But in a Facebook post this past Friday morning, the diner announced an attempted re-opening on a limited basis starting Sept. 17.

According to the Facebook post, online orders only will be taken on Fridays, with full table service for “very limited seating” to be offered on Saturdays and Sundays.

The missing ingredient for a more ambitious re-opening is staff. The Facebook post invites people to apply for positions online.  As of Sunday morning, the Facebook post has been shared 120 times. That’s a measure of the affection Bloomington has for the place.

Lots of folks don’t hang out on Facebook. If you have a network that includes folks looking for work, please help spread the word.

And to be clear, it’s not just Village Deli that needs more staff.

I think the next several months could help decide what Bloomington’s retail and restaurant landscape looks like in the downtown area through the mid-2020s.

On Sunday morning, a quick lap around the courthouse square and down Kirkwood Avenue confirmed that Village Deli is not the only place looking for help. Here’s a list of the 14 places I saw with help-wanted signs or notices about staff shortages: B-Town Diner; Baked!; Cafe Pizzaria; The Indiana Store; Nick’s; Five Guys; Noodles and Company; Soma; CVS; Pili’s Party Taco & Deli; Bub’s; Bloomington Bagel Company; B-Town Smoke Time; and Taco Bell.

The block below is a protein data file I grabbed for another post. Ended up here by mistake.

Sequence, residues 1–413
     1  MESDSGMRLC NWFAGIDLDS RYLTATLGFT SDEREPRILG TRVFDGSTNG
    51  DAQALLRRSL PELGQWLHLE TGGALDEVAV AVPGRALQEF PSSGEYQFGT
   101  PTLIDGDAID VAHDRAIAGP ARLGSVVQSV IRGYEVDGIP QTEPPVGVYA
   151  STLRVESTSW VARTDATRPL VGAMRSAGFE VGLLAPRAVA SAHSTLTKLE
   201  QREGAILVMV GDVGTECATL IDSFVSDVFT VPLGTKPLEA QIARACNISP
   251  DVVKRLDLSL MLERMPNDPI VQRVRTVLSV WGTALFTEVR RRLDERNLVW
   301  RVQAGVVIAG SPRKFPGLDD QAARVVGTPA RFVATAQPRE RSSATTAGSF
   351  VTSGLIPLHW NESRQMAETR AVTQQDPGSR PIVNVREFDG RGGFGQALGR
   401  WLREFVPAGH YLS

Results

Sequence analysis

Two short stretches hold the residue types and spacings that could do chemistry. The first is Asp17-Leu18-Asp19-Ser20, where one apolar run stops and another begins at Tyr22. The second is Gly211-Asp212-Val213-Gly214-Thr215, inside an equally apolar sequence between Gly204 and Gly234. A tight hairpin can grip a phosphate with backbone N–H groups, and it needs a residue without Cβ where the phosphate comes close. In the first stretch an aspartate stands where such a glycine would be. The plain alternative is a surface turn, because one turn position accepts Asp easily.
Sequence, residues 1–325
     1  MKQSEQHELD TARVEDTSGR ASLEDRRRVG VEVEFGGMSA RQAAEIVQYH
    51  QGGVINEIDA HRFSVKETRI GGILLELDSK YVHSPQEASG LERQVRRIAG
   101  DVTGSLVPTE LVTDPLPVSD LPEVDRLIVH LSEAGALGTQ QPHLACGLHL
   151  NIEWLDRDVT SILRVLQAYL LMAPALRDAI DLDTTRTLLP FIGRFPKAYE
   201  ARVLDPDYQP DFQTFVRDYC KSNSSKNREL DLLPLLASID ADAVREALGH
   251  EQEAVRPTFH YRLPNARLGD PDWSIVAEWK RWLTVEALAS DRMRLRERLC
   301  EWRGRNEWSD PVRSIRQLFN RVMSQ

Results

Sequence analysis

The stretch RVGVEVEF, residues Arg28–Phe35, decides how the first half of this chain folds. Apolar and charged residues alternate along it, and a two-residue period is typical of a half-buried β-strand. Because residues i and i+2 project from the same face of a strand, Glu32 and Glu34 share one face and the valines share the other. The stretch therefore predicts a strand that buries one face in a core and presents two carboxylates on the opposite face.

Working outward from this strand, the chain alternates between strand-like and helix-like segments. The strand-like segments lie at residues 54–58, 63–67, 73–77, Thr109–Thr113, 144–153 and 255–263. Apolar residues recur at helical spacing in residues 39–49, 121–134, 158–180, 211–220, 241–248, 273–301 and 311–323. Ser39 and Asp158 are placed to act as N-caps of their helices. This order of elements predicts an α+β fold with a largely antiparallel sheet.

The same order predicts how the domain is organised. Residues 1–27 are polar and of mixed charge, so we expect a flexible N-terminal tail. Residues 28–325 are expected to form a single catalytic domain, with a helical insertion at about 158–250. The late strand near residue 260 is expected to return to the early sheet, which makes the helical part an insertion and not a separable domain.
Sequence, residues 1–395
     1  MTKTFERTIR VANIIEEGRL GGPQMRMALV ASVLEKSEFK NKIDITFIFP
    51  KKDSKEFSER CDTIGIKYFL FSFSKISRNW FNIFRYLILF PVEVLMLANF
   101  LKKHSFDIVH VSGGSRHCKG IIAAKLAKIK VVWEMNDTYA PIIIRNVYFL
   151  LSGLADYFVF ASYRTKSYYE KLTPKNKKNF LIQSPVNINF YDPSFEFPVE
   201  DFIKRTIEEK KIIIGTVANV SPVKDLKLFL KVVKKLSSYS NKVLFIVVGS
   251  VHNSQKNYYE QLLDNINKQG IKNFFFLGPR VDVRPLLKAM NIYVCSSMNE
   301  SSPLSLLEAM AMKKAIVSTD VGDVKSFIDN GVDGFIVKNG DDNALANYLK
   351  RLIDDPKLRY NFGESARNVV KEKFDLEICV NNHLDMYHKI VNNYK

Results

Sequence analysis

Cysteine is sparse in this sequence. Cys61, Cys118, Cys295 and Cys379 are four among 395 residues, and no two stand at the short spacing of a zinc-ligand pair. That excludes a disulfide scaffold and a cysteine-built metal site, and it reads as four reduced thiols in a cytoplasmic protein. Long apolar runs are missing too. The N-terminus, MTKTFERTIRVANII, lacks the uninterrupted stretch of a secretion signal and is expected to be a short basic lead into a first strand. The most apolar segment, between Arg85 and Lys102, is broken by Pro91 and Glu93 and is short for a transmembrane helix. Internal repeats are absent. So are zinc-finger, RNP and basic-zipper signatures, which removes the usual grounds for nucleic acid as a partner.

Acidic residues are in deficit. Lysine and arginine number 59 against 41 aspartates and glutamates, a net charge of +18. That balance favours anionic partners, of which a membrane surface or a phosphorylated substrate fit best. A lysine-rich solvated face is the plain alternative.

And I know there’s plenty more places looking for help that don’t happen to have a sign posted on their front window. One of those is my favorite place of all: Function Brewing. From their Facebook post a week ago,  “The position requires multitasking, efficiency, precision, and the ability to follow directions independently. Prior kitchen experience is a plus but not required as this can be a good first kitchen job.” Continue reading “Column | Because sometimes it takes a village: Local diner says, “We need your help!””

Resolution supporting $5K more for Bloomington police gets OK from city council

A resolution that expresses support for revising the current collective bargaining agreement with the police union, to increase sworn officer pay by $5,000, was approved by Bloomington’s city council at a special meeting on Wednesday.

The vote was 7–1–1

Dissenting on the vote were Matt Flaherty, who voted against the resolution, and Kate Rosenbarger, who abstained from the vote after participating in deliberations.

Spurring the resolution, which was sponsored by Dave Rollo, Susan Sandberg, and Ron Smith, are Bloomington police department’s (BPD’s) challenges with recruitment and retention.

Two recent resignations have dropped the number of sworn officers to 91, out of 105 that are authorized. The proposed 2022 budget provides funding for 105 sworn officers.